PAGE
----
Admired female icons with a dark side. Fonogram prize awarded jazz singer Gabi Szűcs investigates in her concert La femme fatale in the Müpa what is really like to be labelled like that as an artist or celebrity. Are these women better lovers than wives, or is it only a stereotype? Are they in fact average women? The concert includes diary entries by and recollections about female artists, too. We can learn how Marlene Dietrich felt about being seen as a femme fatale, or what contemporaries said about Marilyn Monroe. Latter didn’t keep a diary but wrote many poems. Therefore, this is a real all-art “girls night out” with actress Eszter Ónodi as a guest. We asked Gabi Szűcs about the concert.
Why did you choose the topic of the femme fatale?
I have planned for ages to put together something about this topic for a concert. I noticed that in my genre, swing, and especially in its ‘classical’ period (‘30s to ‘50s), the dangerous femme fatale is a recurring figure. Not only in the lyrics actually, but in the pop culture of that era in general. Just like others, I got attracted by this, as no matter how ‘dark’ these women are depicted, people admire them, too. In the past I sang covers to Marlene Dietrich’s, Marilyn Monroe’s and Hungarian Katalin Karády’s songs. I did my research and realised which songs fit the best to the topic. I chose some female figures, like the ones mentioned above, and we tell some exciting facts about them during the evening.
Getting to know these women’s life, do you consider them special, too?
In fact, they were just average women. What is in common is that they were all unhappy. They failed to keep a distinct line between their professional image and their private life, they couldn’t become happy and fulfilled married women. They paid a huge price for their successes: loneliness. Those of them who lived until an old age lived alone for a very long time. They were trapped in the stereotypical role of the femme fatale, some of them never dared to quit it, because it also meant their fame and image. Some of them hid away from the public when getting old: they didn’t want to destroy their youthful image.
Femme fatales tried to fill many roles in their lives, and this is exactly how you live, too. Did it also contribute to your connection to the topic?
I connect to them in relation to how I seek my way. And I also realised during the concert preparation that I learned a lot from the femme fatales what price one pays for a career and when one should say no. I consciously decided that I prefer balance between professional and private life, and I wouldn’t do many of the things these women did just to be successful. But for me and many other female performers, their performative personalities is an important source, with all their behaviours and mysticism. I like it a lot how they respected the stage and the cinema with their looks and actions. One can also learn from them how to bring sexuality on stage. Because it’s no question that we need to seduce the audience.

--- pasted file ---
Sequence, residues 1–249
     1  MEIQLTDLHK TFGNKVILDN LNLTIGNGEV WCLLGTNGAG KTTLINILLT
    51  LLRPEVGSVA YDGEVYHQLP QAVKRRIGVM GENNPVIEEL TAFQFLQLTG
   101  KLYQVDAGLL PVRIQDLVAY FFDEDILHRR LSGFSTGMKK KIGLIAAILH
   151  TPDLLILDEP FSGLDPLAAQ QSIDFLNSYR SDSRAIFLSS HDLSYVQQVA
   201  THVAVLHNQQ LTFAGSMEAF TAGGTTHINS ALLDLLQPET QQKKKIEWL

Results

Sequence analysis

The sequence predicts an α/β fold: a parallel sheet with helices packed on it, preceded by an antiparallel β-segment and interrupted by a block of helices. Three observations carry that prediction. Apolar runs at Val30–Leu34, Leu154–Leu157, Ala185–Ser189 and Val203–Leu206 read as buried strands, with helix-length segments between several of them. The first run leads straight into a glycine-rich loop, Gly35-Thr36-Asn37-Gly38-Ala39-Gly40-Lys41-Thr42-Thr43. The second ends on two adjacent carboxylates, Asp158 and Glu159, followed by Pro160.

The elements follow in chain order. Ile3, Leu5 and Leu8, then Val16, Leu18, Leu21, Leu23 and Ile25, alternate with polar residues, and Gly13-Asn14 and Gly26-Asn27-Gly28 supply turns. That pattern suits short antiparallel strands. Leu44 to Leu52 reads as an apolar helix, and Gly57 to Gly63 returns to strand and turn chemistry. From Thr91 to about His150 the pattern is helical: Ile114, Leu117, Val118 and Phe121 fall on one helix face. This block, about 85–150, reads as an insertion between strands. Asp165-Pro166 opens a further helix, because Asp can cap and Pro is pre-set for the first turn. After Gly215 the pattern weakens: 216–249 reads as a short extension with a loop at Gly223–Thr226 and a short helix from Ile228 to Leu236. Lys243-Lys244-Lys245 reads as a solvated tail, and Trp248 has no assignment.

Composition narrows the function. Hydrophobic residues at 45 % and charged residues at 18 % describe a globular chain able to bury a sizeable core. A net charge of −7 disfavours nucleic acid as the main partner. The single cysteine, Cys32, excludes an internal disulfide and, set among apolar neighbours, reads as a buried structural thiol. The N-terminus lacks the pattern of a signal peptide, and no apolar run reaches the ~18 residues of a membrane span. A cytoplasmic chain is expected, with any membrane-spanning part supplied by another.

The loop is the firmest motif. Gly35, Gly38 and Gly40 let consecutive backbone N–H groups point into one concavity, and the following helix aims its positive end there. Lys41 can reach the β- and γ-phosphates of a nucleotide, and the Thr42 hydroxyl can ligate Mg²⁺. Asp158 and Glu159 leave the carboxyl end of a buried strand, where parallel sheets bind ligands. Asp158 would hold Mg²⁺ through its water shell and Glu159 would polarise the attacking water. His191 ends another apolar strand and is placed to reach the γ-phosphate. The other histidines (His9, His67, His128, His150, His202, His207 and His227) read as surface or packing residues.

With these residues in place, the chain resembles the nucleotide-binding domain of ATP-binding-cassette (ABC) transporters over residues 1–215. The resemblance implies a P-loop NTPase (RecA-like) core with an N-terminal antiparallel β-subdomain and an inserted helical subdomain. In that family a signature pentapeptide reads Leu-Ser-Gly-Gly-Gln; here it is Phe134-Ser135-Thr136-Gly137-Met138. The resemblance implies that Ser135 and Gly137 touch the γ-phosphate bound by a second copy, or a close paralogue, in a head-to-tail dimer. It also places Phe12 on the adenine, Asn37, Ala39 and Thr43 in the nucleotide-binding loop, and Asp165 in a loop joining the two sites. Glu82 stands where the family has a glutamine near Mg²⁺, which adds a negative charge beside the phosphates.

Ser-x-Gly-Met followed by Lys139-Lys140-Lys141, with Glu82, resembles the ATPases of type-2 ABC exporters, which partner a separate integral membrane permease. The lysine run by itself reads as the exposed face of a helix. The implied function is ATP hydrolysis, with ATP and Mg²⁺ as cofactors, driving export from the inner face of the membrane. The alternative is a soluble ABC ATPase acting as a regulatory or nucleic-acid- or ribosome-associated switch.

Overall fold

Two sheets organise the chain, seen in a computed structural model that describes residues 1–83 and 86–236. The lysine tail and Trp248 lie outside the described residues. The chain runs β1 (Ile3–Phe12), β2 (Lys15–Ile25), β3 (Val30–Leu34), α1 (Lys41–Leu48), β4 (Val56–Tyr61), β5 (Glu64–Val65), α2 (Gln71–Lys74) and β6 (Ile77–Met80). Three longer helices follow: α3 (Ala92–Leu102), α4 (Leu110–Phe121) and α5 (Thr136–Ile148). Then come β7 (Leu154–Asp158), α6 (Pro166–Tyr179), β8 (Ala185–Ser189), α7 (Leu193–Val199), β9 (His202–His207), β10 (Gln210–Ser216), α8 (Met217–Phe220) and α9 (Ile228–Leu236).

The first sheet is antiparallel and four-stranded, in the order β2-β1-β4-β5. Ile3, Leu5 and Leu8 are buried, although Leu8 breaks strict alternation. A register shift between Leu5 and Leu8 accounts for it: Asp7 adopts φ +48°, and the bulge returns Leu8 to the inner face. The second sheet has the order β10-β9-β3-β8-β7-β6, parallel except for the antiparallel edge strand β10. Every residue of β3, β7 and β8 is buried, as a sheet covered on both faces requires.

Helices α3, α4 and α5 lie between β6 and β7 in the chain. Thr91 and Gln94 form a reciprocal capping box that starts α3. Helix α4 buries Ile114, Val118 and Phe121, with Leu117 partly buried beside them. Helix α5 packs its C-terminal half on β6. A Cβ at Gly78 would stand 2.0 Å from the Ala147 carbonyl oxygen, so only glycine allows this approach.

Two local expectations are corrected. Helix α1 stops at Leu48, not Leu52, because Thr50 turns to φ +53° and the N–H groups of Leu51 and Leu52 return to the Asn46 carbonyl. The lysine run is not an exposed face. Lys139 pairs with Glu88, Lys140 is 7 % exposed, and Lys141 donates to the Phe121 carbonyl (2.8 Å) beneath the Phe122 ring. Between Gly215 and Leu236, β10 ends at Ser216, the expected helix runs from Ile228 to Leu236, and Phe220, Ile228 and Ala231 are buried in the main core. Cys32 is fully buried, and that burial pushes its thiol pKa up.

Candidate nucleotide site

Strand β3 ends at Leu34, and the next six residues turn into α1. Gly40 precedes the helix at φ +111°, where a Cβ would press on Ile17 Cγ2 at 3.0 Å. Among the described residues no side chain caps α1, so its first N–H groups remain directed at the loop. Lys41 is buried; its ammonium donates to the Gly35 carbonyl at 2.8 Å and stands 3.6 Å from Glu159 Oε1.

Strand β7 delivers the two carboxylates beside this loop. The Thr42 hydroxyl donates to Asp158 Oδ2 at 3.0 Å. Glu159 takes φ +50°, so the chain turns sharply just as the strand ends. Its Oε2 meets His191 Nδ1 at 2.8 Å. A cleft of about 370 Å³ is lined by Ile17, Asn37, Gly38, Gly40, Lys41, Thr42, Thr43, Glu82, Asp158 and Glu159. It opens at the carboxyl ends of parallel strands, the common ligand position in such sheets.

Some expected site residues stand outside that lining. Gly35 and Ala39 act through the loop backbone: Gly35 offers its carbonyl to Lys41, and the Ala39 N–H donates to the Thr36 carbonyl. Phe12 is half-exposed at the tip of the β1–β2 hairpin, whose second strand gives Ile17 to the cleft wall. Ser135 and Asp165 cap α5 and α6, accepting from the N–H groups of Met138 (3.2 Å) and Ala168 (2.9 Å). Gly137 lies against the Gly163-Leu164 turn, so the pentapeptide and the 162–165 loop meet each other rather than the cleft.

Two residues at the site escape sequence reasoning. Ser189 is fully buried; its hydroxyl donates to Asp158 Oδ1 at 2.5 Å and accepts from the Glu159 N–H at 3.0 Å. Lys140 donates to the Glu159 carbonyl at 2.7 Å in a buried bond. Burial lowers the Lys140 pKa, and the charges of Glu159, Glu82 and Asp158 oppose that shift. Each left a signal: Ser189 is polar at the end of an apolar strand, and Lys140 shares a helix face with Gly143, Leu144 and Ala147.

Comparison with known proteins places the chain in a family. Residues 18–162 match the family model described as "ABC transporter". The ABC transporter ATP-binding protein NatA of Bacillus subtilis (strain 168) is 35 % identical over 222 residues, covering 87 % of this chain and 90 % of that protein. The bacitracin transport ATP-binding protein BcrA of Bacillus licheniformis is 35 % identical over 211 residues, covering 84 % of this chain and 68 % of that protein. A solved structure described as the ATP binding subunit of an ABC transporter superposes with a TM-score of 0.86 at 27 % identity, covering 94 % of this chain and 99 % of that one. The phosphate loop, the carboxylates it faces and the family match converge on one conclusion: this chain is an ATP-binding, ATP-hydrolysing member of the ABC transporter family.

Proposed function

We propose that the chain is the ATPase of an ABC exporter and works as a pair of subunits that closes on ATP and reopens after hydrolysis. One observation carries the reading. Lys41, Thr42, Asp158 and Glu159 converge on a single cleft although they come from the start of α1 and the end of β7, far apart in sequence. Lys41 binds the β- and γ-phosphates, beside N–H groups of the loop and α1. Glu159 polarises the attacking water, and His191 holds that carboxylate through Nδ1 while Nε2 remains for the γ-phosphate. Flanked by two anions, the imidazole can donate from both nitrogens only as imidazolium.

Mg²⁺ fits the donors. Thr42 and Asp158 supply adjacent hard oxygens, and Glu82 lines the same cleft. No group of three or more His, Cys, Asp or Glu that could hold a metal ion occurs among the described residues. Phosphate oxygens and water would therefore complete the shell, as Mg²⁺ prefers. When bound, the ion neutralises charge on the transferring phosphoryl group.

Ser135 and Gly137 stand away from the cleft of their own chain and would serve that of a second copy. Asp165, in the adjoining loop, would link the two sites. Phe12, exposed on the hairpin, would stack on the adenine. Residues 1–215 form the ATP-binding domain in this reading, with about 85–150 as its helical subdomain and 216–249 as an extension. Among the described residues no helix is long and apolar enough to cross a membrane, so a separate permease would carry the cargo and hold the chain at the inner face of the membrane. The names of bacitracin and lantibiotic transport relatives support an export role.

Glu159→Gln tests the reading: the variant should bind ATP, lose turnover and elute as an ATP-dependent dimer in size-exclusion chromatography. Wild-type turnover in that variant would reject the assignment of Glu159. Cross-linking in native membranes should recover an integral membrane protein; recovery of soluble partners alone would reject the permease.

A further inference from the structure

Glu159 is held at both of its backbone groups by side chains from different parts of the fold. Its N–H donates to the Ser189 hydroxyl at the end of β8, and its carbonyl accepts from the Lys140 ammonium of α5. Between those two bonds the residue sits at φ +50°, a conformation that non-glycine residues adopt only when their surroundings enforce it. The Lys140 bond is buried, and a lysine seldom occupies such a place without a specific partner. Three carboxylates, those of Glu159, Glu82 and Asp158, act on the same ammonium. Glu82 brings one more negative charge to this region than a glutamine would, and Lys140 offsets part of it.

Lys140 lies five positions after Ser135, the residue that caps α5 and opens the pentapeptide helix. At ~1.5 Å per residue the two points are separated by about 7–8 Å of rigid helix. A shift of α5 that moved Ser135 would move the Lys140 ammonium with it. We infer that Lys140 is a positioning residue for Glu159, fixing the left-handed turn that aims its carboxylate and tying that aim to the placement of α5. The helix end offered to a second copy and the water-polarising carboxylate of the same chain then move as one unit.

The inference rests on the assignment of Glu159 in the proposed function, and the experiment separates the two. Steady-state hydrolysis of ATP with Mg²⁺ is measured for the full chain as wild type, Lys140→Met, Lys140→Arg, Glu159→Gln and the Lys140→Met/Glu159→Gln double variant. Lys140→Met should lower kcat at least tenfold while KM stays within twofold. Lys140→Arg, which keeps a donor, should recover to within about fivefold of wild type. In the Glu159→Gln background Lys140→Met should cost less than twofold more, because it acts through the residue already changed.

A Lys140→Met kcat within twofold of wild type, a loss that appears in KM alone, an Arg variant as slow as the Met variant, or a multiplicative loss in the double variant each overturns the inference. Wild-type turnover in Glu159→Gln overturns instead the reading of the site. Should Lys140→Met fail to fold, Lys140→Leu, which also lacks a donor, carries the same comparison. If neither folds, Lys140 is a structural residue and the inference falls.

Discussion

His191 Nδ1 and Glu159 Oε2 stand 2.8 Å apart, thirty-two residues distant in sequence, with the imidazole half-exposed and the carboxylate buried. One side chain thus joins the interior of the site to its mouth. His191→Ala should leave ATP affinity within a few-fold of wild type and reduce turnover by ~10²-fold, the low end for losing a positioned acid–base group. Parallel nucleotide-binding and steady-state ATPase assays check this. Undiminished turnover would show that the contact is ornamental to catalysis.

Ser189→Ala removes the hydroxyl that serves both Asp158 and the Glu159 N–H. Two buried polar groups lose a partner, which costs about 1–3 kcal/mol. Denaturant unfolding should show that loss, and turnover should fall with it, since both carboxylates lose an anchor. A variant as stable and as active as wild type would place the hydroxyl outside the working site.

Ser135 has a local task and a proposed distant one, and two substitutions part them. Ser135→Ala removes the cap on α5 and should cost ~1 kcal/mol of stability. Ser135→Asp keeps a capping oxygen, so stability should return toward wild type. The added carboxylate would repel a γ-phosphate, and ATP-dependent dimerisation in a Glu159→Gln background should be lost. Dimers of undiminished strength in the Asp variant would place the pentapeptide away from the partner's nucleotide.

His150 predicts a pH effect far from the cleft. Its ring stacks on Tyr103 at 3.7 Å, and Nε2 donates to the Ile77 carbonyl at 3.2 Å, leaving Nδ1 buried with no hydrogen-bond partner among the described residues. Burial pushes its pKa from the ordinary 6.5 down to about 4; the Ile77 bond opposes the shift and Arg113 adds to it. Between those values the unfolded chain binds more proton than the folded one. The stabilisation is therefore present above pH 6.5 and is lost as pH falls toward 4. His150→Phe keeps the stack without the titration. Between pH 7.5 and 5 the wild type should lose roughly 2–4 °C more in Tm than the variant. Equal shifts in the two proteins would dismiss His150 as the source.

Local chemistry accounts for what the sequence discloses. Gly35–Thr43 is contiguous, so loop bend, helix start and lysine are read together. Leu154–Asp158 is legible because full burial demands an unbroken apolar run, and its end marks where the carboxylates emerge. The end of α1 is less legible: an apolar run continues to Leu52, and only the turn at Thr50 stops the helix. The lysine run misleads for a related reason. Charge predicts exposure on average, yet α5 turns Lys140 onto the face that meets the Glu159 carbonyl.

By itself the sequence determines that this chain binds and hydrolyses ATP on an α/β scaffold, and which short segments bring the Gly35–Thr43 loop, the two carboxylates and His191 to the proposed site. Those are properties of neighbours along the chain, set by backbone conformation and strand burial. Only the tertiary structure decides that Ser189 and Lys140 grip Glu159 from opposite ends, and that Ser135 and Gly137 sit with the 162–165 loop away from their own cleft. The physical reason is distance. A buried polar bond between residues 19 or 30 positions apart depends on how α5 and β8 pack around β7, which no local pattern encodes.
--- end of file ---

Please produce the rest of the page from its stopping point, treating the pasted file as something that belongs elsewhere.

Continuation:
What songs will you sing?
Some Hungarian ones, but the majority will be in English. Film music from Gershwin to Cole Porter. It will be an entertaining type of concert.
Who are your partners for the concert?
My band, the Gabi Szűcs Quintet, consists of great Hungarian jazz musicians. I started to play with them in the Cotton Club Singers ages ago. Müpa asked for a complex concert, so I involved Eszter Ónodi in the creation process. We have worked together before, I know how well she sings, and I also love her personality. She fits so well to the femme fatale topic! We will engage in a discussion about the evoked great women of the past, so it’s not only a concert.
Have you also checked other art forms, like literature?
Yes, I read a lot. After a while I needed to stop, because I could have created a whole literature evening from this material, but that would have been a disadvantage to the musical side. I haven’t only read about female artists but many other socialites of the era in question. But the circle couldn’t be too wide, otherwise it would have taken the focus away from the song.
Do you think there are femme fatales today, too?
Yes, I also know some. But times changed a lot. Nowadays, no actress, however popular she is, could forget her child on another continent. That could happen without consequences in the ‘30s. But women who woo men and destroy marriages or relationships are present today, too. Others believe they have some cruel fun. But no, they are also looking for happiness, and have much more difficulties finding it. Nowadays, these women aren’t typically artists anymore. I would call them seekers of happiness, and I feel a bit sorry for them. They just don’t find what they really desire.
How would you recommend the concert?
It will be the entertaining side of jazz with a lot of trivia about women. Eszter Ónodi and myself play a bit of the diva during that. You can hear a lot of great hits, which will be a good choice for both hardcore jazz fans and those who come for the vintage feeling and the old film music.
Article: Anna Rácz
Translation: Zsófia Hacsek